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Equipment designed for challenging environments such as greenhouses and indoor farms face the constant threat of dirt and moisture ingress due to exposure to humidity and wet conditions caused by maintenance, rain, and irrigation. Horticultural lighting products in particular can be negatively impacted by ingress of moisture and dirt which severely impact the performance and longevity of the product. In many cases, ingress of dirt and moisture happens despite the equipment manufacturers best intentions- such as sealing an equipment enclosure with air and water tight seals and implementing IP 5x or 6x ingress protection. So what goes wrong here?
Ingress happens when atmospheric pressure changes act on a sealed equipment enclosure. As the pressure changes, a small amount of positive or negative pressure develops inside the enclosure. These atmospheric pressure changes can cause a daily shift in the differential pressure between the enclosure and its environment. When negative pressure develops inside the enclosure – due to increasing atmospheric pressure – a small vacuum is formed inside the enclosure. Over time, the daily shifts in atmospheric pressure also cause wear and tear on enclosure seals. If a seal becomes compromised at any point due to stress, vacuum pressure inside the enclosure will draw moisture and dirt into the enclosure.
Standardized tests for ingress protection can be performed informally by the manufacturer or can be performed by a certified third party lab. Ingress protection ratings are classified by ISOXXX, and involve a two digit rating, where the first digit classifies the dust ingress protection, and the second digit classifies the liquid ingress protection.
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We should note here that these tests are typically done once, in absence of cyclic changes in atmospheric pressure and normal wear and tear. Further, these tests typically won’t catch ingress of water vapor, which can later condense into liquid water, causing condensation and damage. Water vapor can also penetrate joints, seals, and materials much more effectively than liquid water since it lacks the surface tension of liquid water.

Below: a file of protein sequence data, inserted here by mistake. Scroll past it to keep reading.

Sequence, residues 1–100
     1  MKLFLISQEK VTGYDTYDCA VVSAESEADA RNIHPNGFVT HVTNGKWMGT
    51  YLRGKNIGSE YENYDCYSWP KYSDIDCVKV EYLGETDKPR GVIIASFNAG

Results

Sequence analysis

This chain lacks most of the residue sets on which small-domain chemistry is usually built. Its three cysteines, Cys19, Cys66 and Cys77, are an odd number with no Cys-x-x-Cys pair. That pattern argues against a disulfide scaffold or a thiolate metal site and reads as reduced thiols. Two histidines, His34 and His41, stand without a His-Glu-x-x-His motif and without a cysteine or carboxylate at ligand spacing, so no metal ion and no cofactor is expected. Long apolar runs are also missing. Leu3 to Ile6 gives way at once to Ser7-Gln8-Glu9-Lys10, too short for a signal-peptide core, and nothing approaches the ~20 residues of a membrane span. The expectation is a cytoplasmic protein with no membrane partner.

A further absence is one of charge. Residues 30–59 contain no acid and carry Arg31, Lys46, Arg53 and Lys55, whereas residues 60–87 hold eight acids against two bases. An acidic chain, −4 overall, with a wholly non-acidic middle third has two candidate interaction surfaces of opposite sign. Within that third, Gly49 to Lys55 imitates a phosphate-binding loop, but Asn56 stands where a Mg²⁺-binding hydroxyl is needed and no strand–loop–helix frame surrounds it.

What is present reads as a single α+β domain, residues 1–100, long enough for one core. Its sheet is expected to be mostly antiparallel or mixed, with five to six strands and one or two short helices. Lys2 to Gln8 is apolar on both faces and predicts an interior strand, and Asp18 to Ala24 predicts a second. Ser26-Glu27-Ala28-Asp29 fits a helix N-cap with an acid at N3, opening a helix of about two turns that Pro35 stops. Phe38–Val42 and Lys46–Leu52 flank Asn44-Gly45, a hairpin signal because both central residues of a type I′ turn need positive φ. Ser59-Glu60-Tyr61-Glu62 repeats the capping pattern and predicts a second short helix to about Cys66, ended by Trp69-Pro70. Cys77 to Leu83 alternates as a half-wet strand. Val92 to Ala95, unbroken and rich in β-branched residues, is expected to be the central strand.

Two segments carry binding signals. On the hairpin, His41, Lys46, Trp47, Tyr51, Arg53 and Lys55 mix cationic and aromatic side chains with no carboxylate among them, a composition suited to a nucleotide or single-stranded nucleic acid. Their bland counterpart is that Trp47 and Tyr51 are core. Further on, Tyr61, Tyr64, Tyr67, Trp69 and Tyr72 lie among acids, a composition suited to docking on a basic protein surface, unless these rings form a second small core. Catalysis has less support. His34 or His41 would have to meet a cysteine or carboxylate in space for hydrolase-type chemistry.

Based on our experience working with horticultural equipment and lighting, GrowFlux believes the best design practice for ingress protection is to consider the challenges presented by changing atmospheric pressure, wear and tear, material performance over time, and water vapor ingress. In designing its horticultural lighting product line, GrowFlux has employed several design features to boost our ingress protection:
Pressure equalized enclosures
Mitigating differential pressure in an enclosure is easily achieved by designing in a specialized vent which allows only a small amount of air to pass while blocking moisture and liquid water. Not everyone in the industry is doing this as it increases cost and assembly complexity, however in our experience protective vents pay for themselves. The protective vents we install in every product with a hollow enclosure incorporate PTFE fabric at the core, passing only the amount of air necessary to remove pressure from sealing gaskets. These vents are also commonly installed in high quality LED street lights.
Fully potted power supply
Our FluxScale Series fixtures use the Meanwell HLG AC/DC driver, which offers the highest efficiency of any 300-600W driver we have seen on the market. This driver is also fully potted (or filled) with thermally conductive, high temperature silicone which protects the electronics inside the driver from water, dust, and moisture while also dissipating the small amount of heat created by the driver – resulting in its high efficiency. These drivers were originally developed for stadium lighting applications, and are well suited to challenging agricultural use.
Gasket material selection
Gaskets, O-rings, and other compressible seals can be made of a wide variety of materials. Proper material selection and extensive design for manufacturing is critical to maintaining ingress protection in a seal; designers must consider manufactured part tolerances, material properties at operating temperature, degradation mechanisms in the seal materials, and the sealing material's ability to resist permanently compressing over time (called compression set resistance), among other factors.